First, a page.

Conor McGregor coach explains how COVID-19 outbreak could benefit Khabib and Tony Ferguson

Conor McGregor’s head coach John Kavanagh believes the coronavirus outbreak could be a blessing in disguise for Khabib Nurmagomedov and Tony Ferguson. The COVID-19 outbreak has caused chaos across the globe, with entire cities on lockdown and major events being cancelled.

The global pandemic has also impacted the UFC, with the promotion forced to indefinitely postpone three events.

The UFC’s next pay-per-view event, UFC 249, has also felt the effects of the virus – with the card losing its venue in Brooklyn, New York.

Nurmagomedov and Ferguson’s preparations for the card, which they are due to headline, have also been drastically affected by the virus.

The final stages of the pair’s respective camps will see them have limited contact with training partners and significantly less, if not zero, sparring due to the manner in which the virus can be transmitted.

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I think the only real effect is they’ll come in completely injury-free

John Kavanagh on the effect the coronavirus has had on Khabib Nurmagomedov vs Tony Ferguson

The lack of hard rounds is less than ideal for both fighters, who have sizeable tasks on their hands to negate the other’s best weapons.

Kavanagh, however, doesn’t believe the lack of intense training will have a detrimental effect on Nurmagomedov and Ferguson.

In fact, the SBG Ireland head coach believes the pair, whose long-awaited meeting has fallen through a staggering four times due to a myriad of injuries and complications from a botched weight cut, will benefit from not having to go through the normally arduous final weeks of a training camp.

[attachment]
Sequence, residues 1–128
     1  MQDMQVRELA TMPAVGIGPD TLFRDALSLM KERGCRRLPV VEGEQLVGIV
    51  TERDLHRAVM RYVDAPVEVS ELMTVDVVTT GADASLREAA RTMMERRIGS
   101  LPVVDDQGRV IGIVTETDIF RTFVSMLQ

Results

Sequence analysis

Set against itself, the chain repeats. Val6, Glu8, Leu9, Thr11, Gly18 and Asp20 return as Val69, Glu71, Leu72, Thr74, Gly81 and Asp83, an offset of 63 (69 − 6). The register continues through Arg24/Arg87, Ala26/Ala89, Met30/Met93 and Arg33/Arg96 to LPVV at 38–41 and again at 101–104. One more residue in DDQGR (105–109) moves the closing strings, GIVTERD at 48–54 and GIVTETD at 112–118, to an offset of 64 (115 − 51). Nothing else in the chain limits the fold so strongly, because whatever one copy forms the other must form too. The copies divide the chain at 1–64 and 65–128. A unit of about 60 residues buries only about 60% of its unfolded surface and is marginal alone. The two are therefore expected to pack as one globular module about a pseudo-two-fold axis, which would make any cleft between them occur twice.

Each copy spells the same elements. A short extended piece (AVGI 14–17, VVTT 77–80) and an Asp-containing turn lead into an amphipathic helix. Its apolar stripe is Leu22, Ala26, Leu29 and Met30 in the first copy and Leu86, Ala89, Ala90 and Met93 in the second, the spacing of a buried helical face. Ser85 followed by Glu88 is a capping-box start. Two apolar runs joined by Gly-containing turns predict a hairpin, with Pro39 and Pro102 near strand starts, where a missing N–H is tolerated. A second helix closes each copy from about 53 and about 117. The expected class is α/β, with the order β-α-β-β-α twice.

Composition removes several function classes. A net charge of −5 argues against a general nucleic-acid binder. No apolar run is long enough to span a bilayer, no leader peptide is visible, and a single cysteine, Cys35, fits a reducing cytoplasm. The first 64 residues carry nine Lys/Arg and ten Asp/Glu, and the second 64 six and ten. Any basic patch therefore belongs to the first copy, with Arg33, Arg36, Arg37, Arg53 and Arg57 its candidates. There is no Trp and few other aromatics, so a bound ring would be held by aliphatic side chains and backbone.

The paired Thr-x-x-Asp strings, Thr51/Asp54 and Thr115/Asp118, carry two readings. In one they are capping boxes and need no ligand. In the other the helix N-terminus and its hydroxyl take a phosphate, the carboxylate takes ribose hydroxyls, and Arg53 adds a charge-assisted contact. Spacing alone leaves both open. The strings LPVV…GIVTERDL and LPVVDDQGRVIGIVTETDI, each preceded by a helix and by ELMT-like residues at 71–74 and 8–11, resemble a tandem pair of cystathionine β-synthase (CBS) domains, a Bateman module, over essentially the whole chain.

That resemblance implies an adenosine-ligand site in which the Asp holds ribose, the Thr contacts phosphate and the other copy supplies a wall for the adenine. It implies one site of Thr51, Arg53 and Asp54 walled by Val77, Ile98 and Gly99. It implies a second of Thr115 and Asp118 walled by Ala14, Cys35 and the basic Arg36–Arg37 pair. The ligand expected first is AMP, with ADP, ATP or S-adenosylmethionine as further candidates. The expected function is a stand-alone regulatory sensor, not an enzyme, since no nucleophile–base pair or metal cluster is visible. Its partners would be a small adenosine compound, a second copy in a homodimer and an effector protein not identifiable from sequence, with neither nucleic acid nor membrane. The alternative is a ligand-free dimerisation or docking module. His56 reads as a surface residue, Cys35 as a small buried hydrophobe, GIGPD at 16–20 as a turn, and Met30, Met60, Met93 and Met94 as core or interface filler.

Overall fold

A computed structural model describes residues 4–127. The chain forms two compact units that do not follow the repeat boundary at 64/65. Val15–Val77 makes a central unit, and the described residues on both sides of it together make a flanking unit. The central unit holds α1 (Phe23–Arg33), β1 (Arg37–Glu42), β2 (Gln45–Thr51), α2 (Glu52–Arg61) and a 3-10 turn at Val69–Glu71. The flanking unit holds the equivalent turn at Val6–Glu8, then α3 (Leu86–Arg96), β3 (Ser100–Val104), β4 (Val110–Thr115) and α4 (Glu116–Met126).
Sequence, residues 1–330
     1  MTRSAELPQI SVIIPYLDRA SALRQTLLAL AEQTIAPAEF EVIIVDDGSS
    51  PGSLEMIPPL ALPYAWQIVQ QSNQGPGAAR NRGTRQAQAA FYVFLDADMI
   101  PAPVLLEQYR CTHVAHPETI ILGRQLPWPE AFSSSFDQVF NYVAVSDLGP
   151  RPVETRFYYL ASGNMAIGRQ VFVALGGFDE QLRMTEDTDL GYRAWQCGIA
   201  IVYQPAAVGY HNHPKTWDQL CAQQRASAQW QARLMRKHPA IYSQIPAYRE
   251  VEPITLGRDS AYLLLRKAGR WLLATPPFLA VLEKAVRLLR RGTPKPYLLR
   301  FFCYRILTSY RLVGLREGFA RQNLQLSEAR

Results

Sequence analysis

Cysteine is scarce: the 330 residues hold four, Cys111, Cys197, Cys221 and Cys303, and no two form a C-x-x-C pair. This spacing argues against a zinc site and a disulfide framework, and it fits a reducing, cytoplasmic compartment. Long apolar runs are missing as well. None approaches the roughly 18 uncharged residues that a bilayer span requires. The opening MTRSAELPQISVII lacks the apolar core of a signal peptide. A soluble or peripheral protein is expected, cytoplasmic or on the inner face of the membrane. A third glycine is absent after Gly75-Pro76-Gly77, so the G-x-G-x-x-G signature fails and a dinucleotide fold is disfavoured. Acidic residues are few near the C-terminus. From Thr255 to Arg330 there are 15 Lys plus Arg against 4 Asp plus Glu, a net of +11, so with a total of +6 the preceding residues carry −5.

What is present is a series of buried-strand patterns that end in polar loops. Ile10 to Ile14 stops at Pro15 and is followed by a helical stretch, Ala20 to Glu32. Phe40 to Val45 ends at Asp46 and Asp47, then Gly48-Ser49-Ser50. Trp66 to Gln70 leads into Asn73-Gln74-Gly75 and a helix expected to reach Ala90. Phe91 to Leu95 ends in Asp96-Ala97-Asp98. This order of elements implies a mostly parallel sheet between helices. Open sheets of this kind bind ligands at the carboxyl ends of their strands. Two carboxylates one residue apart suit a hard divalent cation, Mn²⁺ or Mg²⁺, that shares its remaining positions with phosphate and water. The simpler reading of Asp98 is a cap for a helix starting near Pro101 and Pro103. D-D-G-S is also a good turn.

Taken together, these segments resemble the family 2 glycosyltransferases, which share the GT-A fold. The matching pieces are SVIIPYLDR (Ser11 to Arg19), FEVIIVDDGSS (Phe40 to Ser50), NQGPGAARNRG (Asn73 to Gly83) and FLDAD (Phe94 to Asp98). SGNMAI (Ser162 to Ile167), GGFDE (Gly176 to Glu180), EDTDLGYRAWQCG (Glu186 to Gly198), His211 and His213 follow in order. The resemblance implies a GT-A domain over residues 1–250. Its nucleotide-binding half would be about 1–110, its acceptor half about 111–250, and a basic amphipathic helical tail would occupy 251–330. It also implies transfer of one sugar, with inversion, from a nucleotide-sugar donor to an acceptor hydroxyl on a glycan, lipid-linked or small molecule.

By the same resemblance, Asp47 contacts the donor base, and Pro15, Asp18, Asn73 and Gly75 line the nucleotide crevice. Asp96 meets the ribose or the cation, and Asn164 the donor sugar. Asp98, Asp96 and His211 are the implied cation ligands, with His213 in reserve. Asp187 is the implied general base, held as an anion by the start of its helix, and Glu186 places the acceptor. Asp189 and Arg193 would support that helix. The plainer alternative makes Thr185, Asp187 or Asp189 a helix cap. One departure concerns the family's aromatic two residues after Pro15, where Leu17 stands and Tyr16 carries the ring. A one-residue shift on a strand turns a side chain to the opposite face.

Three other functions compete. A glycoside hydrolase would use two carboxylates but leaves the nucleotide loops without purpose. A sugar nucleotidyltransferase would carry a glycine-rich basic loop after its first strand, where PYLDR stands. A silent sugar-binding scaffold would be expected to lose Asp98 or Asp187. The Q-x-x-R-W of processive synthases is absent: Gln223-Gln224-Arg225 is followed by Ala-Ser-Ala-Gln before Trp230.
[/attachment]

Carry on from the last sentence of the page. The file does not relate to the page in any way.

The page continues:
“If the April 18th fight happens,” Kavanagh tweeted. “Honestly I can’t see how it does but let’s be optimistic and say it does then what effect will 4-5 weeks of no real grappling/sparring have.


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“Only focus will be conditioning. Personally I think it’ll have almost zero effect on skill.

“The fighters have too many years of consistent training for a couple of weeks to have any real effect on technique or timing.

“I think the only real effect is they’ll come in completely injury-free. No bruising, no tweaked knees, nothing.”

Kavanagh, like many others, is relishing the prospect of Nurmagomedov and Ferguson sharing the Octagon.

However, given the current global climate, the Irish MMA pioneer can’t foresee the fight taking place.

He said: “I just cant see it happening.”

The UFC have worked frantically to ensure their fourth pay-per-view card of the year goes ahead as planned.

Mixed martial arts’ premier promotion have secured a new venue for the event, although UFC president Dana White is refusing to reveal the venue for the eagerly-anticipated card.

During an Instagram Live broadcast with Yahoo Sports’ Kevin Iole, White said: “I do (know where it is), but I’m not ready to tell you yet.

“I know lots of things. There’s not going to be any fans there. It’s going to be a closed event.”

White doubled down on that statement in a separate interview with ESPN, in which he claimed the card is ‘99.9 per cent’ going to happen.

“Trust me, Khabib has been telling me every day, ‘Send location’,” White told ESPN. “I have it. It’s 99.9 per cent. On April 18, we are having this fight.”

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